Two weeks in Review, 19 December – 1 January

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In his post, ‘The Forever Negotiations’, , explores the ongoing negotiations in the context of climate change. Bodansky notes the unique nature of climate negotiation as opposed to other multilateral environmental negotiations while focusing on the COP27 negotiations. Further, he discusses questions of mitigations and adaption along with policies relating to ‘loss and damage’ that were the centre of COP27. 

Read the full analysis here

Susan Power examines the UNGA Resolution requesting an Advisory Opinion from the International Court of Justice (ICJ) on the legal status of Israel’s occupation of the Palestinian territory and the consequences arising from it. Power argues that although the concept of occupation is one that is derived from the jus in bello, the request for an Advisory Opinion invites a broad analysis of both apposite jus ad bellum and jus in bello considerations. Moreover, she notes the undergoing discussion on legislation in this context and the significance of the resolution being passed at the Special Political and Decolonization Committee.

Read her full analysis here

Following the withdrawal of the United States (US) and international forces in July 2021, and the subsequent Taliban takeover,  and  examine the relevant status of Afghan women and girls fleeing the country under the Convention relating to the Status of Refugees (1951 Convention). The two conclude that:

‘This brief analysis confirms that any woman or girl leaving Afghanistan following the Taliban takeover or those who were already abroad can be accepted to have a well-founded fear of persecution for reasons of being a member of a social group. In view of the situation in Afghanistan in December 2022, all Afghan women and girls should be accepted as refugees as a group and not be required to prove an individual risk of serious harm. Therefore, we conclude that the practice of the Swedish migration agency is an important development that other asylum states are recommended to follow.’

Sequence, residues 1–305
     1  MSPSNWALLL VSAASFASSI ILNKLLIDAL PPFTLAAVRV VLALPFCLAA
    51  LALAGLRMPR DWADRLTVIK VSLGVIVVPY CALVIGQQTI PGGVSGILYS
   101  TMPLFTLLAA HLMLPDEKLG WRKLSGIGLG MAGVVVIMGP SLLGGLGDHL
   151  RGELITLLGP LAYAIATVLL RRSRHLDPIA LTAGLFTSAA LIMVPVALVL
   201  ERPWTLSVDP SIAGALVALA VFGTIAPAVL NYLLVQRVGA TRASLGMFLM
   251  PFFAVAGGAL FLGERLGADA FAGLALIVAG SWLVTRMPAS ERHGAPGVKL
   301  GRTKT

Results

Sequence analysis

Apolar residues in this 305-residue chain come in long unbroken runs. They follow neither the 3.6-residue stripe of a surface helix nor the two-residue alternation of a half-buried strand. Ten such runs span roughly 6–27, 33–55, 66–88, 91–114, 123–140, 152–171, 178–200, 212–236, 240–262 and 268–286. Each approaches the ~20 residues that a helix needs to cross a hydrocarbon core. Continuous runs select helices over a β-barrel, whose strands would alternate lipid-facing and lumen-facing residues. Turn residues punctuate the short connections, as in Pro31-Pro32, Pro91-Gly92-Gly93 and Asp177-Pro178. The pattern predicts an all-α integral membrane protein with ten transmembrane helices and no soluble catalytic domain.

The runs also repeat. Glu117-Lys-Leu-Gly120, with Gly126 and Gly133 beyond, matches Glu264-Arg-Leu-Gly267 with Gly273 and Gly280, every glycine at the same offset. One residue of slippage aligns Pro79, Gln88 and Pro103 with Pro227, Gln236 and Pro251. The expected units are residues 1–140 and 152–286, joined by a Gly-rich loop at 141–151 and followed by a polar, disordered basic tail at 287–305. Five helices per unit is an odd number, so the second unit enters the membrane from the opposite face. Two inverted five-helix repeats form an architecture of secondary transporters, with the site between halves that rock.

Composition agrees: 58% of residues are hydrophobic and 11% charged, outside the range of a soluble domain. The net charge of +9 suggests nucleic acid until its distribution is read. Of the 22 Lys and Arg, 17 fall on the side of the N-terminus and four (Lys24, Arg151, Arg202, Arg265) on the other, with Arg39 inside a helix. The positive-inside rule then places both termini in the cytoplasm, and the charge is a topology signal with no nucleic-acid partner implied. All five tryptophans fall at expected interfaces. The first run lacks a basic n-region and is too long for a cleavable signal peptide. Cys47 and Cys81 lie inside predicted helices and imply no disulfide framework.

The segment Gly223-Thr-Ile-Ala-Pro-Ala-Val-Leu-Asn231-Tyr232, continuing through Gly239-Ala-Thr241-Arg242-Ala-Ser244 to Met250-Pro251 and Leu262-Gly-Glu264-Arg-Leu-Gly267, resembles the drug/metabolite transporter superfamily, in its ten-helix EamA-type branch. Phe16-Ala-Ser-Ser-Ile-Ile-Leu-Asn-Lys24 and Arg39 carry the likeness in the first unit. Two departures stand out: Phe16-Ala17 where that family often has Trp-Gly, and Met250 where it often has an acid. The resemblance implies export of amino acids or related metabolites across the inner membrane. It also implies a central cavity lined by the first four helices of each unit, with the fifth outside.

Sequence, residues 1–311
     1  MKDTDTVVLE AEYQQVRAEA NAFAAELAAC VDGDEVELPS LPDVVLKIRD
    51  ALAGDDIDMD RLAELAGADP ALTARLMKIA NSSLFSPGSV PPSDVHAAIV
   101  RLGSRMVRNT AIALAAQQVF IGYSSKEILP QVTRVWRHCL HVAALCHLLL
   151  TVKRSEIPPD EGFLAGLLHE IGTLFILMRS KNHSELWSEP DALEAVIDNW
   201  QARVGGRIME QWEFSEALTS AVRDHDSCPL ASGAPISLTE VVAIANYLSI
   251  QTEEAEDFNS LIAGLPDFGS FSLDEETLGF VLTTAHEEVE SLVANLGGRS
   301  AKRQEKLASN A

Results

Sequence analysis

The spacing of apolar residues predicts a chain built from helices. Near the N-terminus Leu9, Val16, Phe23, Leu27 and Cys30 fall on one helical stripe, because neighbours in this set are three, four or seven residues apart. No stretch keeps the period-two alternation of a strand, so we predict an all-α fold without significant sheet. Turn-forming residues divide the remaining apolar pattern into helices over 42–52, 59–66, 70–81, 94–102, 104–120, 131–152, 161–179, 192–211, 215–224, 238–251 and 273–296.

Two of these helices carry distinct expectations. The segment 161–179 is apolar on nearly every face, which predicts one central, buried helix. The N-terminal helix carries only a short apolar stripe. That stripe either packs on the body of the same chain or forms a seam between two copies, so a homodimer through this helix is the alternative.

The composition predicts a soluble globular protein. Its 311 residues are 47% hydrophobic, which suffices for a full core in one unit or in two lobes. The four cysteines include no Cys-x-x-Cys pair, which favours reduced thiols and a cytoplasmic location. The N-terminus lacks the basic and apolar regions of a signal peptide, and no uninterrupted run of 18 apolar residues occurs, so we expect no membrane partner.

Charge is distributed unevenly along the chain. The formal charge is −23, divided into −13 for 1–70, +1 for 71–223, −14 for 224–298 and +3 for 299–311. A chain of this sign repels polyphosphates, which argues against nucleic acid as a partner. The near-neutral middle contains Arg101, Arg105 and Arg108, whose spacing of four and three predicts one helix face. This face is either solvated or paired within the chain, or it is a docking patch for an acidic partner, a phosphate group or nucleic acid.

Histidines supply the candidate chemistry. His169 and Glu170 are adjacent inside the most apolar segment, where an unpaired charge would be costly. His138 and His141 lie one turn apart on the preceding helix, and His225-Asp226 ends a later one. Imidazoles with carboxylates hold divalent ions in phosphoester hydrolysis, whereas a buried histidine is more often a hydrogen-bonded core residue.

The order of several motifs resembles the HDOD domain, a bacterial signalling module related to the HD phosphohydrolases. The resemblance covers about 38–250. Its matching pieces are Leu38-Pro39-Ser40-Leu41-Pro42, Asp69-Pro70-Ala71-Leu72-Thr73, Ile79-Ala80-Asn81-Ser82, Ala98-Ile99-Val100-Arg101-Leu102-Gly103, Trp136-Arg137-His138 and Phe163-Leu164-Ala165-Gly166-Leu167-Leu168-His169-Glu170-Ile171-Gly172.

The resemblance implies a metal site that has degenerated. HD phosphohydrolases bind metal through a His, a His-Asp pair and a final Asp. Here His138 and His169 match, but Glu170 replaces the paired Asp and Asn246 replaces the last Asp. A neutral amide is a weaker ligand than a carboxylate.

Read the full post here

‘Without safe channels of arrival, humanitarian vessels operated by NGOs contribute to guaranteeing access to asylum in Europe, a safeguard that ought to be guaranteed by the EU and its Member States. Accordingly, in the absence of alternatives, any measure aimed at blocking NGOs’ search and rescue activities will result in a prejudice to the right to seek asylum. Viable solutions are to be sought at the political level to break the link between disembarkation and State responsibility, thereby establishing a reliable and permanent relocation mechanism that would not overburden frontline States in the Mediterranean. This will definitely require amending the EU asylum legal toolbox, whose reform has been laying in stalemate already for more than 2 years.’

Favourite Readings 2022 

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